RESPONSE 8 January, 2014 Amidst all the statistical noise of the announcement of the 2013 matric results we salute the real stars – not the numbers, the policies, the officials...
By Iswamo Kapalu
Humanity was hurtled with little preparation into the age of information. Cheaper and better technology, coupled with the revolutionary and massively omnipresent internet, has made us all party to a huge media shift that is still unfolding.
Like the steam engine and printing press before it, the internet is sure to change society in unforeseen ways. As young as the internet may be, some of the changes it has brought about have been both noticeable and impactful. This is especially true socially, economically and in the media.
In entertainment, there has been a deindustrialization of sorts. Artists and entertainers can now reach their audiences directly. This has liberated their expressions from corporate control, allowing them the room to stray from the marketable mainstream. With this has come greater freedom to create and tell stories – however unpopular and controversial they may be.
This has had both positive and negative effects. The content created may be harmful and offensive and can be distributed without the content-control of the entertainment industry. The unprecedented access to specific audiences has also had a negative effect. While there is more content widely available, that content is often targeted at certain audiences considered to be most receptive to it.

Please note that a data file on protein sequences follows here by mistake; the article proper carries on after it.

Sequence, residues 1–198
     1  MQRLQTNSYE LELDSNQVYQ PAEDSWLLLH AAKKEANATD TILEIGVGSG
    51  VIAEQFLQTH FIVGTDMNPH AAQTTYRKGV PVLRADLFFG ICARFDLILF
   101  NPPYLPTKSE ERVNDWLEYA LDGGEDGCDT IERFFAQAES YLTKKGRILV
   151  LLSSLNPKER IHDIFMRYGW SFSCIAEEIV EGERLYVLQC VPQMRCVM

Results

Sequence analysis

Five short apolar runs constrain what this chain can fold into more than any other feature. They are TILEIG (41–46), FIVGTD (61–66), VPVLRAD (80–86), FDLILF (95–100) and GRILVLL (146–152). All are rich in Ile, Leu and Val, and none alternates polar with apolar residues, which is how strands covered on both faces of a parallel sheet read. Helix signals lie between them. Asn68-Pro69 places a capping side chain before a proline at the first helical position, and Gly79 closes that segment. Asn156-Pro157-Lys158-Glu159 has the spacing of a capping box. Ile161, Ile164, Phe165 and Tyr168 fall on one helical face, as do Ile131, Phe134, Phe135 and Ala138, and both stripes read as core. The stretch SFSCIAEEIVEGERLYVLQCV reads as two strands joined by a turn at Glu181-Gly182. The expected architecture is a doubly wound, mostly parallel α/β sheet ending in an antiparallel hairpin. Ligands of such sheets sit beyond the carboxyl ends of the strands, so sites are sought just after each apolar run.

In the news media, the internet has democratised information – allowing for a more diverse range of views to find audiences. It has taken control of the flow of information away from the massive media empires. These empires have been accused in the past of bending editorial lines to suit the corporate and political agendas of specific interest groups.
However, like in the case of entertainment media, the deindustrialization of news media has had negative effects. Firstly, there is no longer any serious control on, or accountability for, the publication of false or misleading information. The result has been the “fake news” phenomenon.
Secondly, information is targeted to receptive audiences. This creates an existential bubble of unchallenged views which have been accelerated by the newest form of media: social media.
Social media networks are places where you can subscribe to views you like and block out those you don’t. They are places where the most sensational and least nuanced views are the most visible – often encouraging uncritical angry thought. They create an empowering environment for extremism. Engagement is the currency of social media and therefore popularity – measured in likes and shares – as one of the ultimate goals. This creates a toxic environment for truth, especially when the truth is unpopular.
For our own sake however, the truth must always prevail.
As a society we must emphasise the importance of critical thinking – lest we be led astray by disinformation. We must build up trustworthy sources of information whose only commitment is to the truth for its own sake. Additionally, it is important that we build up tools for effective communication with those we do not agree with. We must resist the temptation to give voice to all our anger.
But, most importantly, we must begin a process of re-humanizing all people, grounding all engagement in our mutual humanity. Because, only collectively, can we hope to build and shape a better world based on truth.
Follow the Jesuit Institute on twitter @JesuitInstitu